Not Kings is available now digitally, on cd, and on vinyl @


RingMaster 09/05/2014

Copyright RingMaster: MyFreeCopyright

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Marla Mase – Half-Life

Marla Mase by Blair Bauer

Marla Mase by Blair Bauer

     Hailing from New York City, Marla Mase is a writer and performer, producer and singer songwriter who has earned a feisty and impressive reputation for her compelling songs and expressive lyrics amongst many things. Following two acclaimed and eagerly received albums, the artist unveils her new eight track adventure Half-life. Diverse and an emotive look inwardly and outwardly at life’s struggles, emotions, and obstacles, the album is a fascinating insight into the world of its creator, a release which takes a serious investigation to its themes whilst having and providing its most magnetic quality, fun.

     Mase as mentioned drew strong praise and attention with her previous releases, A Brief Night Out which was a rock opera/theatrical play performed in theatres and Speak, an encounter eclectic and adventurous in sound and imagination. The album also spawned Anna-Rexia (and a dub mix version by Bill Laswell), the song now spearheading the STAY ImPerfect Forever Project. Following the successful Speak Tour, ‘a multi-media theatrical event exploring the themes of body image exploitation, involuntary confinement, the silenced and the silent combining spoken word, video imagery, music, and theatrical spectacle to celebrate the raw reality of the human condition’, Half-Life reinforces and expands the emerging world presence of Mase with more of the incisive and unique invention already persuading her homeland.

    The release opens with the brilliant Drown in Blue, a bluesy punk stomp with fire breathing guitars and self-challenging Mm_HalfLIfeJacketprovocative vocals. Ripe with hooks and a swagger from the first second, the track glares at the senses with a raw and confrontational incitement of sound and attitude, the voice of Mase slightly Debbie Harry like and the song something which would not have been out of place on the first Blondie album. Self-critical and revelatory with an edge to its honesty which equally coaxes thoughts of bands like L7 and Au Pairs, the track is a full and irresistible captivation.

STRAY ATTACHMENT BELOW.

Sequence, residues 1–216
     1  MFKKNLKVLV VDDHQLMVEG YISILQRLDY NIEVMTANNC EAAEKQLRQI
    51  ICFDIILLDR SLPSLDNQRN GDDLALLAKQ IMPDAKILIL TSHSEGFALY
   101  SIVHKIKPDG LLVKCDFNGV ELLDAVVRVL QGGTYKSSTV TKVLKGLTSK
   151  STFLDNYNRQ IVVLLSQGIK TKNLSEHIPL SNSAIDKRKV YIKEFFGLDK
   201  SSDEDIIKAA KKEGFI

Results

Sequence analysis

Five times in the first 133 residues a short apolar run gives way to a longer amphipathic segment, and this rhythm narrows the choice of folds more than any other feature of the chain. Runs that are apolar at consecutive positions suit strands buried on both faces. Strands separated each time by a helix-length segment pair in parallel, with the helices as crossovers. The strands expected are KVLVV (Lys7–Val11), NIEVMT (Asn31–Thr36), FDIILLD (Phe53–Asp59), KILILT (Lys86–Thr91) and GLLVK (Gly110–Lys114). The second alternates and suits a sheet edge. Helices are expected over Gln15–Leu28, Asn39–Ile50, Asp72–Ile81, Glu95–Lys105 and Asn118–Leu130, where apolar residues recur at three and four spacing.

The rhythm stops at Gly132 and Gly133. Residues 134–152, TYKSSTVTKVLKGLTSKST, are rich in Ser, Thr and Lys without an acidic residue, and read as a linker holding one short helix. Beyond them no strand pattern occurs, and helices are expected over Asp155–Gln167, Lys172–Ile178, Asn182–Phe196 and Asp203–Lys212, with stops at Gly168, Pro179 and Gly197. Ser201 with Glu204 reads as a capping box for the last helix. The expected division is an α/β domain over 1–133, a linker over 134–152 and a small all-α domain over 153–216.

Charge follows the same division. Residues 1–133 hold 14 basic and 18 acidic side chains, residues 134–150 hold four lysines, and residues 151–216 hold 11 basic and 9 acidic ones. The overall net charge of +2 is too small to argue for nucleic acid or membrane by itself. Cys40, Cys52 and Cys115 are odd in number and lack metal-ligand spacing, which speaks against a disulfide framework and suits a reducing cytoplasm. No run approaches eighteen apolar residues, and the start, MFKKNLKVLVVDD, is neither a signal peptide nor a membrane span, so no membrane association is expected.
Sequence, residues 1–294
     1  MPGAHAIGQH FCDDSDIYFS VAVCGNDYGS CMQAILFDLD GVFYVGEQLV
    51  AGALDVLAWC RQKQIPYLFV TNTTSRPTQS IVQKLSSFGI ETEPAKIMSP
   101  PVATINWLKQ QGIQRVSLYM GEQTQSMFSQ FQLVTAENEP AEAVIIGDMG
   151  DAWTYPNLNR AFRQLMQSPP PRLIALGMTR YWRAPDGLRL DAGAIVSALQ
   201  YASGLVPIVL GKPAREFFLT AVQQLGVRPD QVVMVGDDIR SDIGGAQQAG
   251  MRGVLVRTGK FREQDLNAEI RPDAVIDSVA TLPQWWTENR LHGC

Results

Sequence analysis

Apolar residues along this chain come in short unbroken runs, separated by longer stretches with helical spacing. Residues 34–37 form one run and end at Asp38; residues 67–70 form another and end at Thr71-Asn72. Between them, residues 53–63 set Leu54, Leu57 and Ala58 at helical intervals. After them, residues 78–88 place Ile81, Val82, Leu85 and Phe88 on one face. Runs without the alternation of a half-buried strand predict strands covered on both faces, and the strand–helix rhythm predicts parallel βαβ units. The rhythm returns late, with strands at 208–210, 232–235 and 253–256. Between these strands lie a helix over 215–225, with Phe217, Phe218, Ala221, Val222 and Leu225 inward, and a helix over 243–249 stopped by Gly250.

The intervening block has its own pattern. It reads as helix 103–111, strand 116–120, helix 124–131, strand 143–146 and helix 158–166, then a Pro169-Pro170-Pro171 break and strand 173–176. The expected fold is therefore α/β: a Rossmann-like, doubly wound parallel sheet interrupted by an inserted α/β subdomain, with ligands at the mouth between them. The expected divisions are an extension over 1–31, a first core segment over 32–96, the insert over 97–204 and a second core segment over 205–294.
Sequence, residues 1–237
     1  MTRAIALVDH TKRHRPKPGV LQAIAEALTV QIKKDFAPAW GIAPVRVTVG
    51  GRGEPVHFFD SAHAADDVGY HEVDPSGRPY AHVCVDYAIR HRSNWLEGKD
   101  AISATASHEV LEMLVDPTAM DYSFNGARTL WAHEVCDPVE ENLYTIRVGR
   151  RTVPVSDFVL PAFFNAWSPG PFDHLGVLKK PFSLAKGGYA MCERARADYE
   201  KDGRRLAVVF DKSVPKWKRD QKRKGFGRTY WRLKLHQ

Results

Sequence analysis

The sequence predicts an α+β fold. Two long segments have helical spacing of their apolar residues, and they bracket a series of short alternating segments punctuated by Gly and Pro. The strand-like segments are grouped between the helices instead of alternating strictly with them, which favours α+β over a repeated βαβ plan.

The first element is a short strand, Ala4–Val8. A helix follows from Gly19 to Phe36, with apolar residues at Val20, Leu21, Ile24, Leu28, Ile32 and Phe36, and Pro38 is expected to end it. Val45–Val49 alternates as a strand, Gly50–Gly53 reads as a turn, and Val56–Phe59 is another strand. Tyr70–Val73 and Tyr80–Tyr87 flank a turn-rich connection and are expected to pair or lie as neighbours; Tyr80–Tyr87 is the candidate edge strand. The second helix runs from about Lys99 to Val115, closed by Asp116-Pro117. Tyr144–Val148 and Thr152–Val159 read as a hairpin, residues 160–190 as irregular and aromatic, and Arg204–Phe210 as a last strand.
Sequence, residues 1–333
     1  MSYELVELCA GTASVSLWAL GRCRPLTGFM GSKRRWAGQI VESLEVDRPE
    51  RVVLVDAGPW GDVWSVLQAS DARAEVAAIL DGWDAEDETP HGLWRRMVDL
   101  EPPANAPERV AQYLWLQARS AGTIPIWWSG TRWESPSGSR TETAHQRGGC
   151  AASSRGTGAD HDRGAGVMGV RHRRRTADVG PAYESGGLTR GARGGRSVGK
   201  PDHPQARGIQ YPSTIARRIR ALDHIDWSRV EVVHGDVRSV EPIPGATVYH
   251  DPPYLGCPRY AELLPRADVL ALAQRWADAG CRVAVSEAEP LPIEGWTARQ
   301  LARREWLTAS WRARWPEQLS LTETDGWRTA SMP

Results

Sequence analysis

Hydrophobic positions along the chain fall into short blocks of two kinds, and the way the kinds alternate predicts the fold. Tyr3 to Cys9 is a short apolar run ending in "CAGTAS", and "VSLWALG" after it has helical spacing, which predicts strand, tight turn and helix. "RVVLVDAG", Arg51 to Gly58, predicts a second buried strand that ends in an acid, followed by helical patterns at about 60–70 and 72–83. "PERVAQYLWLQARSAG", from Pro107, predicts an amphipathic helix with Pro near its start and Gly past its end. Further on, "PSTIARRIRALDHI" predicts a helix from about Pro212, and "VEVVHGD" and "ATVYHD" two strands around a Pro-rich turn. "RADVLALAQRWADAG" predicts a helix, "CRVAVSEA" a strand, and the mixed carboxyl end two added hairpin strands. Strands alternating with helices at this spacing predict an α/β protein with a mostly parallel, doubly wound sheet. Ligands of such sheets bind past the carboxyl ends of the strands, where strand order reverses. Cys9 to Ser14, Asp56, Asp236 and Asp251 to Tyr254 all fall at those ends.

The impressive start is followed by the mesmeric title track, a hypnotic rhythmically framed lure with a celestial ambience and seductive pop rock elegance. The song gently strolls across the senses through to thoughts, the drums of Mike Faulkner providing the guide rail to prevent being lost with the skyward spiralling melodies amidst blazes of jazz bred sax from Mark Henry. After the provocative lively dance of the opener, the song is a warm breeze to drift along upon, a glide embracing the shadows and noir kissed caresses which line its journey and the excellent enthralling tones of Mase.

    Things That Scare Me (the 2014 Club Version) comes next bringing another twist in the release’s presence, the song a funk blessed tango which bounces and seduces with almost toxic charm and persuasion. Soon springing thoughts of The Tom Tom Club as it roams around the ears, Mase lists obstacles and ills which challenge her stride through life whilst the sounds darken and lighten with a pulsating and riveting mischief around her. The song provides another fully loaded contagion within the release, its presence offering a rampant exploit for any dancefloor or intimate dance of self-reflection within four staring walls with equal success.

    Next up The Heart Beats walks through a sultry ambience with a full yet simmering heat of passion and spoken incitement of thoughts, an almost meditative rhythmic holding of attention working with the prowess and strength of Mase’s words. Featuring Bill Laswell on bass, it is a provocative stroke again bringing a distinct and original twist in the course of the album, as does the melodic rock canter of Gaping Hole with its merger of blues and R&B, and not for the first or last time excellent backing vocals to support the unfussy delivery of Mase. Though neither song matches earlier and latter heights both seduce and provide a lingering suasion to find a greedy hunger for.

     After a blues soaked acoustically shaped reprise of the opening song, Bitch in Heat steps up to unveil another funk prone romp of blues and rock attitude. Including Charlie Funk on backing vocals and a great flame of harmonica from David Barnes, the track infects the imagination and passions with a confidence and exciting escapade of musical skill and eye to eye honesty, all wrapped in a slightly caustic and highly pleasing surface glaze.

    The True Groove production released album is completed by Hold Fast Your Dreams, a piano and vocal led enchantment written by Louise Driscoll, Roberta Mase, and Mase herself, the song taking inspiration from a poem by Driscoll of the same name. Also featuring Tomás Doncker, James Dellatacoma, Manu Koch, Josh David, Kevin Jenkins and more to help bring the release to life, Half-Life is an exciting companion providing constant unpredictability and creative adventure to ears and thoughts. Marla Mase is still a bit of a secret outside of the US to a great many but not for much longer you feel with treats like Half-Life.